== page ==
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UK

Senior judge hits out at knife culture

LONDON (Reuters) - A senior judge has criticised the growing knife culture for causing “death and devastation” as he sentenced a teenager for the fatal stabbing of a 15-year-old boy on a south London estate.

A policeman holds a lock knife at St Leonard's police station in Edinburgh, Scotland May 23, 2006. A senior judge has criticised the growing knife culture for causing "death and devastation" as he sentenced a teenager for the fatal stabbing of a 15-year-old boy on a south London estate. REUTERS/David Moir

Adu Sarpong, 19, from Kennington, used such force to kill rival gang member Alex Kamondo that the knife’s blade snapped off.

Judge Gerald Gordon said during sentencing at the Old Bailey on Friday that widespread knife crime, which has blighted English streets in recent months, “must be stopped”.

“It is the carrying and using -- often as here, for miniscule motives -- (of) such knifes that is causing death and devastation to families and that has got to be stopped,” he said.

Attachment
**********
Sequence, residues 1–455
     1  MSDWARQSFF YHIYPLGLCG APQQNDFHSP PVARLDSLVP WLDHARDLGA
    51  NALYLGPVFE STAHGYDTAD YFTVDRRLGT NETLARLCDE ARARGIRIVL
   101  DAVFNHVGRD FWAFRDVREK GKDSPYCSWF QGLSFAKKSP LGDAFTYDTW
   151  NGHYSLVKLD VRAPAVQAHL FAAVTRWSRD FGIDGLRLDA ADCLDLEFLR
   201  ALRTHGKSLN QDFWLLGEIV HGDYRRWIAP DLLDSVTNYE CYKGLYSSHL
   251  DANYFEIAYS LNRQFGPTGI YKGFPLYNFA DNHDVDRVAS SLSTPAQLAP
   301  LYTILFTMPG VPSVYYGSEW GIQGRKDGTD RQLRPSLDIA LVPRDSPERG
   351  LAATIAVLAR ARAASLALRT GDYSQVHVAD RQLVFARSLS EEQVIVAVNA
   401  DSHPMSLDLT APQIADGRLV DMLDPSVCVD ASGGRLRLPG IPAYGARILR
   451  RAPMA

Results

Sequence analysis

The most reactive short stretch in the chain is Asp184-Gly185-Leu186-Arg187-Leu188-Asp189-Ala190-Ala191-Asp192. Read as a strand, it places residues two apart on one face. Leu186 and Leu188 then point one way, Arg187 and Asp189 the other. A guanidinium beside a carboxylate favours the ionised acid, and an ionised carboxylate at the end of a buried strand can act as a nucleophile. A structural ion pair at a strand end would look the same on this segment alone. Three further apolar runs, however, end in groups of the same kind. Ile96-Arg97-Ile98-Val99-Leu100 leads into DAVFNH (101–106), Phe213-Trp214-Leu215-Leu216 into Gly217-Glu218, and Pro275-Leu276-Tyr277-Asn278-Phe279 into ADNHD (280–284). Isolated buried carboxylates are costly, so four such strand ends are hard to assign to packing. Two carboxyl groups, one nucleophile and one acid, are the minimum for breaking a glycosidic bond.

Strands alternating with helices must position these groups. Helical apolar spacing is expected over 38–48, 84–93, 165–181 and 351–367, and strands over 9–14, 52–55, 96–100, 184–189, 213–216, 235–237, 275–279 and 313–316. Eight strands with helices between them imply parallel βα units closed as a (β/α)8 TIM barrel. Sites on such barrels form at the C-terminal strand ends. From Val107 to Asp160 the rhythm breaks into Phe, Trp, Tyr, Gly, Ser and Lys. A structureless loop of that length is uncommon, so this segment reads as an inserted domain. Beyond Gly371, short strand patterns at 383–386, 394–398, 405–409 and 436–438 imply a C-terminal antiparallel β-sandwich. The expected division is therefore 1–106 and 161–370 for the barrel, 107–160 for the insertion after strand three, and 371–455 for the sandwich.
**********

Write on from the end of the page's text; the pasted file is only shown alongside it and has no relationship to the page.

Kamondo, a member of the “Man Dem Crew” from Brixton, confronted Sarpong, believed to be the leader of the “K Town Crew”, in Kennington, in a show of force over gangland turf just hours after he had finished his GCSE exams.

Sarpong, who went under the street name “Fame”, ambushed Kamondo later in the evening and during a fight between the two gangs, thrust a knife through the chest of the youngster, killing him with a single blow to the heart.

Judge Gordon told the court Sarpong had been carrying the knife for “perceived need”.

“Whatever the rights or wrongs (of the gang war), it pales into insignificance when compared with your conduct having used such knives against a 15 year-old in such a troubling way.”

He added: “His (Alex’s) death has, of course, brought tragedy to his family.”

Kamondo Mulumba, 49, and his wife, Vicky Ngongo Agamaka, had earlier said in a victim-impact statement read to the court: “Why was my son murdered with such venom and cold blood? Why him?”

Sarpong had claimed the death was the result of “friendly fire”, and denied he had even seen the fatal blow.

But he was convicted of murder last June and sentenced to life, with a minimum 14 years in youth custody.

Detective Inspector Andy Redwood, who led the investigation, said after the case: “At one end of this situation Alex Kamondo ... has lost his life -- at the other end Adu Sarpong ... has been convicted of murder and faces at least 14 years in prison.

“There is nothing cool or clear about either situation.”

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